NORTH SALEM,N.Y.--For the first time since he started working at 16, Joseph Olenik, now 59, is going to have weekends off.
A man of many hats, which have included those of fire marshal, police chief, facilities director for Weston public schools in Connecticut for the last five years, and dad to three, Olenik is ready to take just one out of the rotation in order to spend more time with his wife, Stephanie, and children, Emily, 5, Colin, 6, and Bradley, 13.
Literally standing at the end of the road (he manned the roadblock at the corner of 116 and Titicus River Road during North Salem’s annual 9/11 ceremony at the North Salem Fire House), he looked backed on the last 32 years, during which he has worked part time for the North Salem Police Department.
“When I first started here back in 1986, we were actually working out of a one-drawer filing cabinet in the old highway department,” he said. “We’ve come quite a ways,” he said of the part-time staff that was at one time responsible for purchasing its own uniforms, holsters and guns and shared one police car.
He said he’s enjoyed seeing the department, and the town, grow.
Olenik’s time with the North Salem Department was a sliver of what has been a varied career. With more than 30 years’ experience in facilities management, he was the campus police chief for the State University of New York (SUNY) in Purchase, spent 38 years as a volunteer with the Millwood Fire District in New Castle, N.Y., including the position of district chief, and was also New Castle’s fire marshal.
Olenik holds an applied associate’s degree in engineering science from Westchester Community College, and bachelor’s degrees in facilities and property management from Iona College and in mechanical engineering from Manhattan College.
His law enforcement career started in Ossining. He went from there to the Westchester County Department of Public Safety for six years before beginning his work in North Salem. After 20 years, he also retired from the New York State Police, in 2012.
In that time, he served for eight years as chief of the NYS University Police at SUNY Purchase, and doubled as its chief operating officer, managing a staff of 150 employees.
Prior to that, he was the operations manager at Iona College in New Rochelle, where he was responsible for the operations and management of three campuses and oversaw a $5.3 million operating budget and directed a staff of eight managers, 52 tradespeople and 40 contractors.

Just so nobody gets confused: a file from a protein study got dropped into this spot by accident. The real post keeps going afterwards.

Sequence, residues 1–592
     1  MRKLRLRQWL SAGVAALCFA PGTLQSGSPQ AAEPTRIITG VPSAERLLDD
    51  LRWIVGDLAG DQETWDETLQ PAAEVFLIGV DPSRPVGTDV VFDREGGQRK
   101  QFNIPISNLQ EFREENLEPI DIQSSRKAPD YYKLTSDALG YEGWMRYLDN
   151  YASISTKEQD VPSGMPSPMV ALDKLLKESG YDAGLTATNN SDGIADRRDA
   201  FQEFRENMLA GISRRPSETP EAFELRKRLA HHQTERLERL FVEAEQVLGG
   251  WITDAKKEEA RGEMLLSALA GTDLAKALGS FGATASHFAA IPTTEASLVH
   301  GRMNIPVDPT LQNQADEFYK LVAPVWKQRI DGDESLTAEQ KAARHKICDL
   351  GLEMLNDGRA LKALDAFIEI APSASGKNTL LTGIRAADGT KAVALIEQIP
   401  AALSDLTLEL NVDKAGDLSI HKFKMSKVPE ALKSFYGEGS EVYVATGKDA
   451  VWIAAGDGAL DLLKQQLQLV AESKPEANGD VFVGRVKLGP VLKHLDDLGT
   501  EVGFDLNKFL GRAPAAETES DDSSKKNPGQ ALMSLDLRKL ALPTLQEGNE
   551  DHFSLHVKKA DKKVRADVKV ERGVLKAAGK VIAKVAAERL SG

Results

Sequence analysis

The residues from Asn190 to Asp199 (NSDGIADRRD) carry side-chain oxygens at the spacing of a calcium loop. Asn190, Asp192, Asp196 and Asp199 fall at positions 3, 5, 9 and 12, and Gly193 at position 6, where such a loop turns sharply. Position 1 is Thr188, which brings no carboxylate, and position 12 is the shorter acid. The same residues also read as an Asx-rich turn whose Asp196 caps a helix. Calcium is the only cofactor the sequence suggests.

“It was going to be temporary,” he said. “The president asked me to step in temporarily as chief operating officer and the ‘temporary’ lasted for about 10 years.”
Olenik also holds a master instructor certificate with the NYS Division of Criminal Justice and has been an instructor at the Zone 3 Police Academy, teaching general studies for 20 years. In addition, he has been the facilities manager at Weston Public Schools for five years. He recently renewed a three-year contract with the district and plans to work there until his retirement at 65–maybe.
Having worked at least three jobs simultaneously for most of his adult life, Olenik admits he doesn’t quite know how to not work. He runs on about four hours of sleep a night, which he said is plenty.
Olenik was born in the Bronx, N.Y., and moved to Westchester when he was 5. He grew up in the hamlet of Millwood in New Castle and came up through the Chappaqua Central School District, where he graduated from high school.
His father, Anthony Olenik, a World War II veteran, is 103 years old and still lives in the home where Olenik and his three siblings grew up. His mother, Maria, lived to be 92.
He says he got his “work until you can’t work anymore” ethic from his dad, who worked as the diesel train mechanic for the city of New York and was forced into mandatory retirement at age 65.
Olenik said he’s asked his dad his secret to longevity. His response? Happiness. It’s a quality Olenik has as well. His pleasant disposition is contagious. Even as he says he’s sad to be leaving the department, Olenik has a smile on his face.
“I try to see the good in everything and everyone,” he said.
A career in law enforcement might test his resolve from time to time, but Olenik believes in the rehabilitation aspect of the judicial system.
Jeffrey Daday, a member of the Croton Falls Fire District, of which Olenik is an honorary member, has known Olenik his entire life, he said. To him, Olenik is “Uncle Joe.” Daday’s father was a long-time employee of the town with the highway department, and was a member of the police force, as well.
“He would give you the shirt off his back,” Daday said. “That’s just the kind of guy he is.”
Supervisor Warren Lucas said Olenik’s absence will be felt in the town.
And, Olenick said, “I wouldn’t be surprised if I popped back in for a few years down the road.”
For now, he said he’s looking forward to spending time with his family at their vacation home in the Catskills and continuing his work in Weston. He said he intends to visit often.
“I really enjoyed my time in North Salem,” he said.” It’s a great place.”